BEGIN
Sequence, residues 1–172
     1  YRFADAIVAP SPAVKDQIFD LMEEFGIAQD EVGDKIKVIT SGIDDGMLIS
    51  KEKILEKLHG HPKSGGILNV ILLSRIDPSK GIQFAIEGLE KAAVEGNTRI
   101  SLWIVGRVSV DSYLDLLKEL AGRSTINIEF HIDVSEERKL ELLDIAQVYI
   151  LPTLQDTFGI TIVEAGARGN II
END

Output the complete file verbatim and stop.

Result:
Sequence, residues 1–172
     1  YRFADAIVAP SPAVKDQIFD LMEEFGIAQD EVGDKIKVIT SGIDDGMLIS
    51  KEKILEKLHG HPKSGGILNV ILLSRIDPSK GIQFAIEGLE KAAVEGNTRI
   101  SLWIVGRVSV DSYLDLLKEL AGRSTINIEF HIDVSEERKL ELLDIAQVYI
   151  LPTLQDTFGI TIVEAGARGN II